Since I came out against some of the kiruv world’s methods, many of my readers have shared with me their own feelings and experiences with different kiruv organizations and individuals.
All this discussion got me thinking. What’s the responsibility of the baal teshuva in all this? Let’s flip the script for a moment.
I can’t help but feel that there’s something distinctly self-victimizing about the language people use when they talk about kiruv groups. They speak as if they were manipulated and controlled and fooled. In fact, I myself even made the argument that this is the goal of some people trying to bring others close to Judaism.
But there’s an issue with this sort of talk. It assumes that the person has little to no control over their own journey as a baal teshuva. It assumes that some people have manipulated or used them, without their consent.
Becoming a baal teshuva is a somewhat unique experience because one does have to let go, to accept that they don’t know so much and they need to learn from others.
The problem is that oftentimes baal teshuvas assume this to mean they need to completely let go of control of their lives, to completely give in to those around them, and follow them all blindly.
The truth is that the people that do this seem to be the ones that end up the most bitter when they realize the people they trusted weren’t the intellectual or spiritual giants they assumed them to be, or when they realize they went through a manipulative process, or worse.
While it is true that some kiruv people are simply drug pushers, what we have to realize as baal teshvuas, and what no one will tell us unless they truly love us, is that only we know what is best for us. Only we know what is healthy for us. Not a rabbi, not a kiruv dude, not a shadchan. None of these people know us like us.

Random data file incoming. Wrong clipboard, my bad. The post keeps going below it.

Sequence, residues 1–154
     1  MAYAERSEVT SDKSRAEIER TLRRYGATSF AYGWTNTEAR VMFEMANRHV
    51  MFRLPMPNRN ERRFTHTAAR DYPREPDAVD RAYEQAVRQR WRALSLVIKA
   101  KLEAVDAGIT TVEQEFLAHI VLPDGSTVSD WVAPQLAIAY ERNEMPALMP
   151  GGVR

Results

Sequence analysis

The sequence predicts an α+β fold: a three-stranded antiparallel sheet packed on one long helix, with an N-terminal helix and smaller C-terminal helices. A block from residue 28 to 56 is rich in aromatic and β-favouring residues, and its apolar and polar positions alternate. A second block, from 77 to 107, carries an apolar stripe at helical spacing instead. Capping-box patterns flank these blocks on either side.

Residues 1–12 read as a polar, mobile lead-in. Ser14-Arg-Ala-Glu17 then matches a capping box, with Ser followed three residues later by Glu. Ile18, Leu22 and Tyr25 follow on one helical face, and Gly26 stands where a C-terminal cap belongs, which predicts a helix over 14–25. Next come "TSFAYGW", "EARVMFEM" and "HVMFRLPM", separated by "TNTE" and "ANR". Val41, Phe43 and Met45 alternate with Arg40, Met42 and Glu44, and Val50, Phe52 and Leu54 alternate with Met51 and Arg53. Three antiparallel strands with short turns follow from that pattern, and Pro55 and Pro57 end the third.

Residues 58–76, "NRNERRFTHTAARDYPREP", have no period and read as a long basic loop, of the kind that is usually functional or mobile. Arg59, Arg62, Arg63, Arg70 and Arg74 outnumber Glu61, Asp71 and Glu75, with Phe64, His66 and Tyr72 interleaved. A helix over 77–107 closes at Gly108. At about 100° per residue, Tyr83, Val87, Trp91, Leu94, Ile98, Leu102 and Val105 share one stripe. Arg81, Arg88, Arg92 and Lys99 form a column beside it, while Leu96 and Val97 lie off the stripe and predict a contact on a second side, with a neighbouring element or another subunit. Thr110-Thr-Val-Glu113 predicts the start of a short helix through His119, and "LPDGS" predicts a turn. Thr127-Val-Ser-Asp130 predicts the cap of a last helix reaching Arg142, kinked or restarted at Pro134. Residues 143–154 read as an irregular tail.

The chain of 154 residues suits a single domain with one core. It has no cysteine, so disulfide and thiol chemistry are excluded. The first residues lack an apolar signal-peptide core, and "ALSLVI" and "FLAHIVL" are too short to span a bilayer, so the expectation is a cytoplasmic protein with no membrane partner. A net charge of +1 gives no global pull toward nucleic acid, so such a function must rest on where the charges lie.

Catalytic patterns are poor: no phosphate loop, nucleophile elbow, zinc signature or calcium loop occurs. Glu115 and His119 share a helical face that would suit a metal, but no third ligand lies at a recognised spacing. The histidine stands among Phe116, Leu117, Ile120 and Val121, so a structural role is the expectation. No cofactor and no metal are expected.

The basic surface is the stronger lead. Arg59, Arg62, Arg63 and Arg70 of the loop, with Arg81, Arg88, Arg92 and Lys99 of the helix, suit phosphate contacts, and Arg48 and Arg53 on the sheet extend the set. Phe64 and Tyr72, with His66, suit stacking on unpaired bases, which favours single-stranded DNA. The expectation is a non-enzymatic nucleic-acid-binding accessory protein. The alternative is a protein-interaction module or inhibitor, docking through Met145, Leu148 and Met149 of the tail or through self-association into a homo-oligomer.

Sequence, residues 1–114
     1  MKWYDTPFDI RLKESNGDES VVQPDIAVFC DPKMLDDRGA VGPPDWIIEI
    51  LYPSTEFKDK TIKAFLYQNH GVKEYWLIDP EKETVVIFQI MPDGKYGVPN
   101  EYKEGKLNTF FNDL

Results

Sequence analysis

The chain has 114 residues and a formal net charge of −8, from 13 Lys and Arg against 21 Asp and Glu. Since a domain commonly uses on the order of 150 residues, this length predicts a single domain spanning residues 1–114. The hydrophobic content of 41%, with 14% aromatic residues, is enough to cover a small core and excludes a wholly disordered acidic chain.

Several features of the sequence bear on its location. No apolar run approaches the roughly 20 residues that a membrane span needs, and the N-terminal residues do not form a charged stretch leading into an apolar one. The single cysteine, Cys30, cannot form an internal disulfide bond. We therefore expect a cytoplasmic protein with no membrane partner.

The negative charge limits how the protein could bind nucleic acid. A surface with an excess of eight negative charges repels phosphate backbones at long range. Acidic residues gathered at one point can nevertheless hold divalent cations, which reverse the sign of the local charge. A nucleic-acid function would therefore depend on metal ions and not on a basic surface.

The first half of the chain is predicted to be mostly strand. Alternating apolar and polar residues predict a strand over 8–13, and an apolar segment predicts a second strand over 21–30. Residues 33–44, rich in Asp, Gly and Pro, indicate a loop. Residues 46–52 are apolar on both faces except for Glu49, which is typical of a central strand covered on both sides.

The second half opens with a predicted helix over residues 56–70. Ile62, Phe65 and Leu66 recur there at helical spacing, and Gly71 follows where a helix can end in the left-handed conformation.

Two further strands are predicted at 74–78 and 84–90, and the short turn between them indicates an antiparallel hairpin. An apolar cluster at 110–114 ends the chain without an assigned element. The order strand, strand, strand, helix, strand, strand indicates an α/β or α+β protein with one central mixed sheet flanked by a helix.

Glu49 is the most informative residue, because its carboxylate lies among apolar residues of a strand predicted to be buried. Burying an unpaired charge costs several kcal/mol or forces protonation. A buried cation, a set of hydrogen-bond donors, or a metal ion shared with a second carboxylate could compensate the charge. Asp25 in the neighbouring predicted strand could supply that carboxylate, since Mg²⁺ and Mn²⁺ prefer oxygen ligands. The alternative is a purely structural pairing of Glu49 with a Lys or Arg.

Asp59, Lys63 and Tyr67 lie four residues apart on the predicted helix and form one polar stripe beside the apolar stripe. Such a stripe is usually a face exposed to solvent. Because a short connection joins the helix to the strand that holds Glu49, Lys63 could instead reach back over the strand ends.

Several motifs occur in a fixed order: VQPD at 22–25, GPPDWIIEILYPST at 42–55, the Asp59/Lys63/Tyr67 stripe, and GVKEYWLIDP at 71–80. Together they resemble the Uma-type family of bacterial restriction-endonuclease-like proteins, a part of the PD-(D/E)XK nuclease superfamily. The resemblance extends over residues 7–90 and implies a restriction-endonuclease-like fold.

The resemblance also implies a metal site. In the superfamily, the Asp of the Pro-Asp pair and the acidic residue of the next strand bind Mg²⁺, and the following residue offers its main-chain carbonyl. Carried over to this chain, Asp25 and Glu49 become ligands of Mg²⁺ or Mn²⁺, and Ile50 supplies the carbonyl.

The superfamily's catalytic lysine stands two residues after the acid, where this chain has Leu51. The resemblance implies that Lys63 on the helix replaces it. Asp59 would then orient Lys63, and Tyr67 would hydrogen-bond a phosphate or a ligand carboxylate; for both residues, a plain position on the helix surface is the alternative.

And when we assume that they do, we are giving them the keys to our life, we are giving them a control they simply shouldn’t have.
I, for better or worse, have the opposite problem. I don’t trust most people enough, and often end up spending a lot of time doubting the people around me and their motives.
But this weakness has helped me see a few sad things go down. I’ve seen students who excel at yeshiva, who suck everything up and grow above and beyond others, in certain respects, then leave yeshiva and suddenly feel lost and confused, as if the world of yeshiva, and all the unspoken and spoken rules that go with it, are all that exist. Unfortunately, these sorts of people are usually encouraged by the role models, teachers and rabbis around them simply because they are learning so much and growing so much in their learning, while their emotional health is ignored.
And while it’s true that, to a certain extent, we need to allow others to guide us, and to follow, to an extent, blindly, we need to remember to always take ownership over our own minds. To be aware that even the following is a choice, even the blindness is something we have control over.
And, second, we need to remember that whoever we give the keys to, whoever we allow to guide us, must be someone we truly trust, not because they are experts at halacha or chassidus or gemora, but because they care about us. Because they are invested in us. And they understand us. Someone being smart, admirable or even a very good person does not make him or her a good mentor.
These people should be able to see beyond just simple halacha. They should see that perhaps, for you, reading tawdry romance novels is important, and part of who you are, for now, and they should accept that. That taking on a million things at once isn’t healthy. That your strengths, like writing, music, business, are things to encourage and not put down.
The point is that while there are problems, and there are kiruv folks who are doing bad things (good intentions or not), it isn’t our job just to complain or fight against it. Our primary job is to take ownership of the things we have control over. To admit that, at the end of the day, we are the ones with the keys. If we don’t do this, we are simply perpetuating both within ourselves, and others, a lack of power. It takes away the inner strength each of us has to control our destiny.
When we become aware that we are responsible for the choices we make, and who we trust, while it may seem like we are “blaming” ourselves, what we are really doing is putting keys back in our hands. The power to guide our lives will be ours again.
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